Friday, January 23, 2009

As promised, today I read a light, fluffy, mindless book that has no merit whatsoever. And when I think of merit-less books I can't help but think of Danielle Steel.

Here's the description from the back: "Bill Thigpen, writer and producer of the No. 1 daytime TV drama, was so busy watching his career soar that he never noticed his marriage collapse. Now, nine years later, living alone in Hollywood, life is still reasonably sweet. Top-of-the-chart ratings, good-natured casual affairs, and special vacations with his two young sons. His life is in perfect balance. - Adrian Townsend thought she had everything: a job she liked as a TV production assistant and a handsome husband who was a rising star in his own field. It was an enviable life they'd worked hard for - the American Dream. Until she got pregnant. Suddenly all she had was chaos. And Steven's ultimatum. Him or the baby. The question was: did he mean it? - Bill Thigpen and Adrian Townsend collided in a supermarket. And the very sight of her suddenly made him want more in his life... a woman he really loved, a real family again. But did he need the heartache of another man's baby, another man's wife? Neither of them did. But they couldn't help it."


  • Is that the most ridiculous plot you've ever heard of? No really, that's a serious question dear readers. I challenge you to find a book with a more ridiculous plot than that - and if you manage it, please let me know what it was. Perhaps we can have a "Who can name the most ridiculous book plot" contest in the comments section.
  • I couldn't even make it all the way through the description of this book without laughing. Which is exactly why I knew I had to read it. Danielle Steel novels are the literary (and I use that word rather loosely here) equivalent of bad TV - TV that is so bad that I can't turn away. I start out watching it pretending like I'm watching in spite of the fact that it has no redeeming value - and then quickly come to realize that I'm watching it because it has no redeeming value. The plot of a Danielle Steel novel is guaranteed to be ridiculous, the writing is bad, the characters are annoying - and yet I can't turn away. I feel the same way when I watch Tori & Dean, and The Bachelor, and that one season of The Surreal Life I watched (which I think was my television low-point and the one bad TV show that almost made me feel ashamed for watching it). Well, actually it was two seasons - but I made a clean break of it after that.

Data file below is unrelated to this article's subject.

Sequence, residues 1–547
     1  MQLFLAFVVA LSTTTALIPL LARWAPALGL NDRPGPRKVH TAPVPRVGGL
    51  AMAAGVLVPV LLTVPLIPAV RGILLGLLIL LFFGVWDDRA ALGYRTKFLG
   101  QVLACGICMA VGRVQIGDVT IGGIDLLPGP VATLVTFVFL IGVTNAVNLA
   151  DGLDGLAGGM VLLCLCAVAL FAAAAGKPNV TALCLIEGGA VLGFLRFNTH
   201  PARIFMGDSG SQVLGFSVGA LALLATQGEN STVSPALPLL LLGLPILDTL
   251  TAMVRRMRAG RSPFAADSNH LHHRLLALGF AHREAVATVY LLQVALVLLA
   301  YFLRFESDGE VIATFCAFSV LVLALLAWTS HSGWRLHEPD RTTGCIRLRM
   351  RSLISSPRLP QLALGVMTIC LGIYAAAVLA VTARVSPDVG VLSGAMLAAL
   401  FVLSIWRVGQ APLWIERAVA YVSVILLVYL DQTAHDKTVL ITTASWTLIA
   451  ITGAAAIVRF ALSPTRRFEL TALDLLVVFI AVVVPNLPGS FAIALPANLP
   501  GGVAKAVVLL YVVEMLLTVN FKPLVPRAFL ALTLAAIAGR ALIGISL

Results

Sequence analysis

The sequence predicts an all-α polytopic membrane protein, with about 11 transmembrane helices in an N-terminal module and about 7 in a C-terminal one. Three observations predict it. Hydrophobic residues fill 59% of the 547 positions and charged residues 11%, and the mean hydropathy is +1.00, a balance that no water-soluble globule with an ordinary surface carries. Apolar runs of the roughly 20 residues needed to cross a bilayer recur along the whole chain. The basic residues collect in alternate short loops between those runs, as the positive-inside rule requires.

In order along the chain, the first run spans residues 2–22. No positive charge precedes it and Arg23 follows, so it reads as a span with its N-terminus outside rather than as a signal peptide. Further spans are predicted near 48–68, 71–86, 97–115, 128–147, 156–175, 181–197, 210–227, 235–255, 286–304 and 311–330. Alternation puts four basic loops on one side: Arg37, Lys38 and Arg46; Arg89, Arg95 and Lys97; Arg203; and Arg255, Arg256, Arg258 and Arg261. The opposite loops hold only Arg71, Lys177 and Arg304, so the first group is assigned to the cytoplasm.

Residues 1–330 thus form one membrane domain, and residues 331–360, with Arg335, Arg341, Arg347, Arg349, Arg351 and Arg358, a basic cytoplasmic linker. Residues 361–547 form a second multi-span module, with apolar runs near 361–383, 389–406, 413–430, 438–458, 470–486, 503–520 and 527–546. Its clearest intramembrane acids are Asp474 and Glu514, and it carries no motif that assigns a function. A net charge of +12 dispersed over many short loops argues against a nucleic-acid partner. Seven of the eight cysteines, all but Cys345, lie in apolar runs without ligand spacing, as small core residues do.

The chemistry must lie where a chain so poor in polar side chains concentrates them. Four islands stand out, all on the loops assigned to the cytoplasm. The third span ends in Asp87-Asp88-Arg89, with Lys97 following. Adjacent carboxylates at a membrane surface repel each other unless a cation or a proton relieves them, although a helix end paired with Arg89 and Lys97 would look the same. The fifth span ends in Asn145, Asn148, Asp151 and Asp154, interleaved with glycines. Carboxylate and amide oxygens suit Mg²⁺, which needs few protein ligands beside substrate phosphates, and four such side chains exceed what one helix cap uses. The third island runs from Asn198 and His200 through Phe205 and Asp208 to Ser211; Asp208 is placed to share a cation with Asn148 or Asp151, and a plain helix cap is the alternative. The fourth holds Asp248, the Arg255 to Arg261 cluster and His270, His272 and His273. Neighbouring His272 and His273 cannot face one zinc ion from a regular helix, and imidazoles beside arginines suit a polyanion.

• The amusement with this book actually started before I read the description. It started when I was standing in the bookstore asking the woman who owns it where she keeps the Danielle Steel books and she said, "But those are so bad." I agree, they are so bad - so bad they almost loop back around and become good again.
  • So the book had already brought me a great deal of fun before I even sat down to read it, and then I turned to the inside cover, where the "Praise for this book" section and felt amused all over again. Some of the quotes were the typical, over-the-top, melodramatic stuff that all books contain - but then I notice the quotes from the two newspapers in Baton Rouge. Neither newspaper could even attempt a white-lie about how good the book was. Here is the "praise" from The Baton Rouge Sun, "One of the world's most popular authors." The Baton Rouge Advocate chimes in with, "Steel's loyal army of readers will welcome Heartbeat." They couldn't even muster up a simple, "Good effort from Danielle Steel" or "Steel's best work to date." Good for you Baton Rouge for holding on to your integrity. Sadly I cannot say the same about the Coalfield Progress which claims the book is, "A poignant, gently humorous novel." Allow me to channel Linda from SNL's Coffee Talk for a moment dear readers, "A book written by Danielle Steel is neither poignant, nor gently humorous, nor a novel. Discuss."
  • For those of you who have never read a Danielle Steel book, I'm going to give you a brief glimpse into her writing style. The book is filled with sentences like this: "And then she shook her head again, the long dark hair sailing around her like the dark wings of a fallen angel." (Every time I start to feel bad about making fun of this book on the blog, I think of that sentence and I no longer feel bad. Anyone who writes a sentence like that deserves to be mocked. They're just asking for it.)

And, so you can all enjoy the fun of a Danielle Steel novel, without having to wade through 400 pages of ridiculous plot points, here's Steel's wikipedia page - which reads like a condensed version of one of her books. I've you've ever read one of her books I think you'll agree.
And if you've never read one of her books - put down whatever boring, serious, worthwhile book you're reading right now and go buy one. I insist.